HONG KONG (Reuters) - Hong Kong handed out billions of dollars in tax cuts and poverty relief on Wednesday to reflate its economy, and projected a brighter outlook this year amid growing concerns over rising trade protectionism and higher interest rates.
The government bumped up its economic forecast for 2017 by a full percentage point to 2 to 3 percent and said the economy grew at 1.9 percent last year, faster than expected by economists.
The trade-reliant economy is carrying more momentum in the new year due to a pick-up in exports and private consumption, and a more stable Chinese economy, helping to boost annual growth to 3.1 percent in the final quarter of 2016 - its fastest since the June quarter of 2015.
"The property market was much better in the December quarter and that filtered into the pick-up in private consumption but I don't see that momentum sustaining due to rising U.S. interest rates," Kevin Lai, chief economist for Asia excluding Japan at Daiwa Capital Markets said.
The Hong Kong dollar is pegged to the greenback and expectations of two to three U.S. interest rate hikes this year will trigger increases in local mortgage rates.
Financial Secretary Paul Chan said in his maiden budget address that an improved labor market and construction projects worth nearly HK$87 billion this year, had also bolstered consumer confidence that would feed into the local economy. He warned, however, that the city's astronomical property prices continued to be an issue.
"The uncertain external environment and interest rate trend may trigger abrupt shifts in capital flows and heighten volatility in local asset prices, with repercussions on consumption and investment sentiments and on macro-economic stability," Chan told lawmakers.
The strong growth data sent the local stock market .HSI to a fresh 18-month high.
Credit Rating Agency Moody's said in a research note that the budget was relatively balanced and fiscally prudent but doubted Hong Kong would meet its bullish GDP forecast.
"We do not expect a material rebound in global trade which will weigh on Hong Kong's exports, while growth in domestic demand will be somewhat dampened by higher interest rates," Moody's wrote. "We expect three to four interest rate increases by the U.S. Federal Reserve this year which will push interest rates up in Hong Kong."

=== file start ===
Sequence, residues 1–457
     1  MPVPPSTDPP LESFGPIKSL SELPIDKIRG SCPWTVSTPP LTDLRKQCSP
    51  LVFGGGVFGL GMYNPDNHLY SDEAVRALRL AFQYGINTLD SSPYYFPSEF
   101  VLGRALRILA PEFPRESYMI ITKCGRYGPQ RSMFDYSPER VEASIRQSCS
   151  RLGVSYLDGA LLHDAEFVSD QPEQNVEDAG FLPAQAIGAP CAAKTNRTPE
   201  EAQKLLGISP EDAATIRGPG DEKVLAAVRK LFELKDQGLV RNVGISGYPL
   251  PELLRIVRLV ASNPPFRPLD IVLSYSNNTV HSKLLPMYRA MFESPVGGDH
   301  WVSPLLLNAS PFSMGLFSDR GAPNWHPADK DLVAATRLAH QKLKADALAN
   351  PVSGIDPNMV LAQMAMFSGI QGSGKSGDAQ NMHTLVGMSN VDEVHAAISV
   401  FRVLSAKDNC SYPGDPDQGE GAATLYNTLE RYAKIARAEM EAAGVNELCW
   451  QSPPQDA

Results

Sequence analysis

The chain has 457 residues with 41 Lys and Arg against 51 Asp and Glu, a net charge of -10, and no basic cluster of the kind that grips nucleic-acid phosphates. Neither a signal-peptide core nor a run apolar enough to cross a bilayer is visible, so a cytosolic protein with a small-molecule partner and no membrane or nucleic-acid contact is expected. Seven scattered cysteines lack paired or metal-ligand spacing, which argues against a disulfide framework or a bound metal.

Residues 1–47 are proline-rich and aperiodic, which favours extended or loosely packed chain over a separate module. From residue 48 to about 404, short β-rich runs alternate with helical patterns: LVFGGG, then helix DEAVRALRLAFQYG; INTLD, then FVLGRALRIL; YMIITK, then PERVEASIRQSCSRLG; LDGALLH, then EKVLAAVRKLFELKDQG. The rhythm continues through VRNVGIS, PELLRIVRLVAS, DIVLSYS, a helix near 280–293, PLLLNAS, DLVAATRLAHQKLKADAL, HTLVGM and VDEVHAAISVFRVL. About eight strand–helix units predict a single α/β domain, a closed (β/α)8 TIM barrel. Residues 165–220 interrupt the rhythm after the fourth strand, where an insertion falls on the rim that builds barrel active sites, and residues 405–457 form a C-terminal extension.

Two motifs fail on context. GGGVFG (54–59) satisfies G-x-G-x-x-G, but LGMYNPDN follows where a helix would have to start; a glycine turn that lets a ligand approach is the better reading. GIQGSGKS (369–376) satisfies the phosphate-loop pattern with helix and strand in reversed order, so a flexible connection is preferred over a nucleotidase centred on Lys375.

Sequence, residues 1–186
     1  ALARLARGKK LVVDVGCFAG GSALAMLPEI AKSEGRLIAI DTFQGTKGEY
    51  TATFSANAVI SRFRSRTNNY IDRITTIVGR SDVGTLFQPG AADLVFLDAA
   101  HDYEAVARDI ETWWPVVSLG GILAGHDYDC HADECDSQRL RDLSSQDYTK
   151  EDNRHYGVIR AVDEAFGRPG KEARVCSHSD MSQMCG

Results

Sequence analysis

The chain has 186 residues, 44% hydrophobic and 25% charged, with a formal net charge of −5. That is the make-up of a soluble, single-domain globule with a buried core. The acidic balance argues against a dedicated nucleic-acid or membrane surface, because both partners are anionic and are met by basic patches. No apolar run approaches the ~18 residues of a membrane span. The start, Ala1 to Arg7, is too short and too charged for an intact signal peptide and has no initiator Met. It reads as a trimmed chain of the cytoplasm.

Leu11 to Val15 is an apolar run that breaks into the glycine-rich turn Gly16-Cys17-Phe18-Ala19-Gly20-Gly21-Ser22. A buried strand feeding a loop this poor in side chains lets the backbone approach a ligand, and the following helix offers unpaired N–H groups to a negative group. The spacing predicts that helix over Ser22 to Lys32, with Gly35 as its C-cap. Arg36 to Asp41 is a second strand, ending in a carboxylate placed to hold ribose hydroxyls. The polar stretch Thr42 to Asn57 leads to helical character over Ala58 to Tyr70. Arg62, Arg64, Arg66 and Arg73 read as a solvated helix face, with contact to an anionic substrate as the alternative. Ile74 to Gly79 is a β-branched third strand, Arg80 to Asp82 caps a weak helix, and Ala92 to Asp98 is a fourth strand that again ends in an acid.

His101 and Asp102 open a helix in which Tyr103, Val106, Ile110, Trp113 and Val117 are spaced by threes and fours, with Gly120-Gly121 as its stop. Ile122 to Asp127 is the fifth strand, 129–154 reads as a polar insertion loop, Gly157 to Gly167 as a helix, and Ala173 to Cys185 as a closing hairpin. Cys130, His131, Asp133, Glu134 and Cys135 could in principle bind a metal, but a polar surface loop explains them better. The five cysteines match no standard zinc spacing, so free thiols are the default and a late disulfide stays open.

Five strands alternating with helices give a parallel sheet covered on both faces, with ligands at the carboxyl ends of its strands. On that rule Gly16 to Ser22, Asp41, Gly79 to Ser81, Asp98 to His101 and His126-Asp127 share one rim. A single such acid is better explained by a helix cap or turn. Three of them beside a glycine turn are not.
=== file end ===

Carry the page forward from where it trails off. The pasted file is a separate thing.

For highlights of the budget
On the property market, which Chan called exuberant and "out of tune with the local economy" despite a raft of cooling measures, he said the government would "substantially" increase residential flat supply in the next few years.
Hong Kong's provisional budget surplus was a much higher than expected HK$92.8 billion ($11.96 billion) for the 2016/17 financial year, far in excess of the HK$11 billion last year, with fiscal reserves of HK$935.7 billion.
The government said some HK$61 billion would be plowed into elderly services, sports development, youth development and developing the high technology sector.
Chan said Hong Kong could afford to be more proactive with its spending and his measures to "share the fruits of economic development" would help stimulate domestic demand, stabilize the economy and help the job market.
The government's populist-leaning budget comes at a time of flux for Hong Kong amid rising political tensions and as the city in July marks the 20th anniversary of its handover from British to Chinese rule in 1997. The city will also usher in a new leader in a March 26 election involving a 1,200-member election committee stacked with Beijing loyalists.
Chan's predecessor, longstanding former financial secretary John Tsang, is one of several candidates eyeing the top job.
The package of one-off economic handouts and stimulus measures include reducing salaries tax and profits tax up to a ceiling of HK$20,000 per individual or firm, that would cost the government some HK$18.3 billion, as well as extra social welfare handouts for the elderly and disabled.
Total expenditure would increase to more than HK$490 billion in 2017-18 from HK$380 billion in 2012-13, Chan said.
Sectors such as tourism and catering that have struggled from a slump in visitors from China would receive help such as from waiving of license fees for travel agents, guesthouses and restaurants, and pumping more money into tourism promotion.
Additional reporting by Anne-marie Roantree, Saikat Chatterjee, Twinnie Siu; Editing by Jacqueline Wong